Step 9> on command line do a "rpmbuild --rebuild NVIDIA_GLX-1.0-4191.src.rpm" to create drivers for the GLX. (This will again create the new binary RPM for the GLX in "/usr/src/redhat/RPMS/i386/NVIDIA_GLX-1.0-4191.i386.rpm")

Step 10> Install the GLX (NVIDIA_GLX-1.0-4191.i386.rpm)
"rpm -ivh NVIDIA_GLX-1.0-4191.i386.rpm"

Step 11> uninstall the nforce drivers for sound and nic.
"rpm -e NVIDIA_nforce-1.0-0248"

Step 12> on command line do a "rpmbuild --rebuild NVIDIA_nforce-1.0-0248.src.rpm" to create drivers for the nic and sound. (This will again create the new binary RPM for the nic and sound in "/usr/src/redhat/RPMS/i386/NVIDIA_nforce-1.0-0248.rpm")

Step 13> install the nforce drivers for sound and nic.
"rpm -ivh NVIDIA_nforce-1.0-0248"

Step 14> your Xconfig file should work from before and you dont have to change anything in there.
now do "startx" to start XServer.

Step 15> once XServer works fine Open /etc/inittab file and change the following line again. This will allow linux to reboot in GUI mode again.
Change :
id:3:initdefault: to id:5:initdefault:

Step 16> reboot again, kudzu will find the nic and ask you to migrate over the old settings. Everything should now work as before.

My system:
Asus A7N 266 VM
AMD XP 1600+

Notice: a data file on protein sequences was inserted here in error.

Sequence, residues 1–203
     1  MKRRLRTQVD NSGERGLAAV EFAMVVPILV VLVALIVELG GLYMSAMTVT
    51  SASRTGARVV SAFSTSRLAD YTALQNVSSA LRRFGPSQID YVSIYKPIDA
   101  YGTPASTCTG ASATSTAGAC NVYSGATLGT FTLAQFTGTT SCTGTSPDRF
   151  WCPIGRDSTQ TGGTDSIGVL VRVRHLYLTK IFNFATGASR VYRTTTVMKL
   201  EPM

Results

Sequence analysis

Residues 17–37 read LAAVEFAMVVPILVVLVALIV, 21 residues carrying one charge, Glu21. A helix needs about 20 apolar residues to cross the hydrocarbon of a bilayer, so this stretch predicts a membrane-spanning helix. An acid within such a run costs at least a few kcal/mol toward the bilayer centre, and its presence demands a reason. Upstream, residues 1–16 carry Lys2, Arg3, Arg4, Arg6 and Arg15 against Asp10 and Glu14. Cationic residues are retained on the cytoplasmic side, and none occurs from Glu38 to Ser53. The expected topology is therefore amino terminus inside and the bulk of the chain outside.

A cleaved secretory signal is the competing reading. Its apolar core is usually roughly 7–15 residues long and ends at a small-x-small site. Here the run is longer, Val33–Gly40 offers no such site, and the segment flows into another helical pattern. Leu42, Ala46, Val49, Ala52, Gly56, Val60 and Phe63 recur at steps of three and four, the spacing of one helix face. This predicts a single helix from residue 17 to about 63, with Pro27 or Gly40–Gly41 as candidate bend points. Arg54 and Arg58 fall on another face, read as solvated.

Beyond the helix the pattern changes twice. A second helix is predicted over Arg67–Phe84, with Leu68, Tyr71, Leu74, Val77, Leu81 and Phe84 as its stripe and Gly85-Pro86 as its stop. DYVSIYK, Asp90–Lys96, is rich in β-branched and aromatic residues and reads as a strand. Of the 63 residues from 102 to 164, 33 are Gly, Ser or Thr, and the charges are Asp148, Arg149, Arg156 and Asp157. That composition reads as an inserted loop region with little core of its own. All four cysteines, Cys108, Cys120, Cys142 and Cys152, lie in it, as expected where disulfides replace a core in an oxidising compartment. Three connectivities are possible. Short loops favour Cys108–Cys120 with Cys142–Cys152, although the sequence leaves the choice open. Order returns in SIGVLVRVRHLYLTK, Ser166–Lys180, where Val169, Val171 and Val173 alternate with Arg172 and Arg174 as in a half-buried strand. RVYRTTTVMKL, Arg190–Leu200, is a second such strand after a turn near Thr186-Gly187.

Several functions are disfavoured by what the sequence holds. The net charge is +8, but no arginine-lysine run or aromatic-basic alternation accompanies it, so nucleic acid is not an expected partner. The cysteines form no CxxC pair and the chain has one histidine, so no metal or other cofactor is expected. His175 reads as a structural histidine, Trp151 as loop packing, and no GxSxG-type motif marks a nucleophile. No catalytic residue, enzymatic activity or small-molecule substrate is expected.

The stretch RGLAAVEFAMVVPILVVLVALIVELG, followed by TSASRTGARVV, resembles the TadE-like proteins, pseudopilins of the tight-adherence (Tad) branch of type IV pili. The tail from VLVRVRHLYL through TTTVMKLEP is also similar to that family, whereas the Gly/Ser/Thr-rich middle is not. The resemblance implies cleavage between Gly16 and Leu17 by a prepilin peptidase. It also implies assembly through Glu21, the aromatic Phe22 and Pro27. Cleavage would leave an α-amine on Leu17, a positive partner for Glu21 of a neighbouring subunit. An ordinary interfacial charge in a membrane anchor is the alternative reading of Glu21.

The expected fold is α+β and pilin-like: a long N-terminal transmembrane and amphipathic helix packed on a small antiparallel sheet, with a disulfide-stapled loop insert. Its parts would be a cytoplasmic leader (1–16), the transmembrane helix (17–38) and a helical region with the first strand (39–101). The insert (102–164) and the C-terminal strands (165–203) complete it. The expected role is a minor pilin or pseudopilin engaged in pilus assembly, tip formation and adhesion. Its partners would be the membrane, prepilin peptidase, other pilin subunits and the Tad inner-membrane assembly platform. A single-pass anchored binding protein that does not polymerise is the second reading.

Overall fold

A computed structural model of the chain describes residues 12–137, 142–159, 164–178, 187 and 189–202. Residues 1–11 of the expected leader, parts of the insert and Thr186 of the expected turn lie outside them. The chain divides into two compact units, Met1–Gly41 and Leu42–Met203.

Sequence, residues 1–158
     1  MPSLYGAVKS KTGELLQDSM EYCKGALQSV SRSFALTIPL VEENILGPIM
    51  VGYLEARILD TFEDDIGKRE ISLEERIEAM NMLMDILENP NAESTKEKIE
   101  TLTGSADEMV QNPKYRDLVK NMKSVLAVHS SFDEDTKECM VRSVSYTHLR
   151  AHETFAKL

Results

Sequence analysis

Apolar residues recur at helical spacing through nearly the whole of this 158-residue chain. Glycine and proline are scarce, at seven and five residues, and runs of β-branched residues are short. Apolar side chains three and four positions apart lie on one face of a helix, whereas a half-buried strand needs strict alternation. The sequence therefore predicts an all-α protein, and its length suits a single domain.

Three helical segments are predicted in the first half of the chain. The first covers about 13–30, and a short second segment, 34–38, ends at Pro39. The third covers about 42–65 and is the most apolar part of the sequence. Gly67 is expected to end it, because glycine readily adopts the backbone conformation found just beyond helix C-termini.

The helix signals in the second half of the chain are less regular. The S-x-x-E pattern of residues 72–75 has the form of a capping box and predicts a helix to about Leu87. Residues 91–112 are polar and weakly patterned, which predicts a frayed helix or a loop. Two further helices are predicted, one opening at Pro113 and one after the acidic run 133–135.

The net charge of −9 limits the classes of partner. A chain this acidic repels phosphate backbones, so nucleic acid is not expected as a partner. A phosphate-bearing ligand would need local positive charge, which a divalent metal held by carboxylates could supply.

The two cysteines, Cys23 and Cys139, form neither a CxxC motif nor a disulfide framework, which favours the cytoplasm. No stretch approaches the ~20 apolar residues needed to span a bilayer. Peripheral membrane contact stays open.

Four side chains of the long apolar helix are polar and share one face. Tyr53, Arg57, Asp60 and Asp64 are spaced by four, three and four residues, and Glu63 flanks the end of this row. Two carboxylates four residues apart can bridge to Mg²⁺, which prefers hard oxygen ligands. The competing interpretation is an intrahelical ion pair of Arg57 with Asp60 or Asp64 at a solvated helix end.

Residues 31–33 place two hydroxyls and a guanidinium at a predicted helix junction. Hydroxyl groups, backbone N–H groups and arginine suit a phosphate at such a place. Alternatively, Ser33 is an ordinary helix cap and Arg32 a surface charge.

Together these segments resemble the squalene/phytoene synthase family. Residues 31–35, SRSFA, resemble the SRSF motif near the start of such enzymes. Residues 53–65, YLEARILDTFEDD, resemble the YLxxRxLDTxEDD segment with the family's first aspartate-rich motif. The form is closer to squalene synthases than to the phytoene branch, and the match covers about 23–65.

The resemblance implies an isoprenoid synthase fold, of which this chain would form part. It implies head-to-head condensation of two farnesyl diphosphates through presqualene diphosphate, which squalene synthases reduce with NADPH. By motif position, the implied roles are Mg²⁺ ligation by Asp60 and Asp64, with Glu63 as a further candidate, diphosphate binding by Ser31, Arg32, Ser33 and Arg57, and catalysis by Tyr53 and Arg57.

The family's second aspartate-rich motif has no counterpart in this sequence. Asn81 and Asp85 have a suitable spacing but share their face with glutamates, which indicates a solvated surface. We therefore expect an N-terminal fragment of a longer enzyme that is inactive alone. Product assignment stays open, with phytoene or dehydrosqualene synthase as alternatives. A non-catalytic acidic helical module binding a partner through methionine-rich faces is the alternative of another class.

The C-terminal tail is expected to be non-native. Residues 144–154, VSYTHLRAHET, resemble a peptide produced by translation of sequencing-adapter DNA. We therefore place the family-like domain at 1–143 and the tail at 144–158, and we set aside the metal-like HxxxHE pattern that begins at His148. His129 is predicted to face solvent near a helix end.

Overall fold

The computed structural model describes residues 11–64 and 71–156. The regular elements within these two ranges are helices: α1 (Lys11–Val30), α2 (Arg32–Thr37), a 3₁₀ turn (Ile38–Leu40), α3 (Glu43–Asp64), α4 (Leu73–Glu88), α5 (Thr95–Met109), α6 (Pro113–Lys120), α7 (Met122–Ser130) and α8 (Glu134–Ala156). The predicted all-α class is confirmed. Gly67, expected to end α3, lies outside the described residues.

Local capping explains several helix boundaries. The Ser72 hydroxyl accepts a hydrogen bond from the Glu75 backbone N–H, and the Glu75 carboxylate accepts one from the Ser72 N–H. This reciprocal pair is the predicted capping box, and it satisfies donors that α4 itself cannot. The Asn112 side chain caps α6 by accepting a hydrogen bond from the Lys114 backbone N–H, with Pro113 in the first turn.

512 MB Mushkin 2,2,2 DDR PC2100
17" NEC multisynch FE700

This actually plays UT2K3 as long as you don't get too crazy with detail levels.

Last edited by STEEL1 on 10-21-2002 at 11:39 PM
(as modified by Marty 2-12-2003 at 12:44 PM)

Cheshiremackat 02-11-03 04:05 PM

Here is how I did it (little different)
Here is how I did it on the weekend, little different than above, in some ways better, some worse... I would suppose this is the way to do it if you either want a 'clean install' or do not have Linux already installed... I will be brief, as I am only including the info that is 'non-standard' (ie. read how to edit the XF86Config file in the above post)... I did this on a Asus A7N-266VM

1) somehow get the redhat isos (self explanitory), and the Nforce -0248 drivers (rpm) and the Nvidia 3123.src.rpm and 3123.src.rpm... I used a zip disk for the drivers...

2) when the Redhat installer screen starts, type "linux text"... I could not get the graphical installer to work

3) Choose a custom install... install everything that is default, plus the "kernel development" packages

4) Do NOT set up Xserver...

5) Reboot, at the command promt log in and SU to root...

6) move to the directory where the nforce drivers are...

7) Install the Nforce driver first... (rpm -ivh Nvidia_nforce*)

8) Build the kernel and glx drivers... rpmbuild --rebuild NVIDIA_kernel* &NVIDIA_GLX*...

9) Reboot

10) Kudzu will inform you of all kinds of new hardware... choose ignore...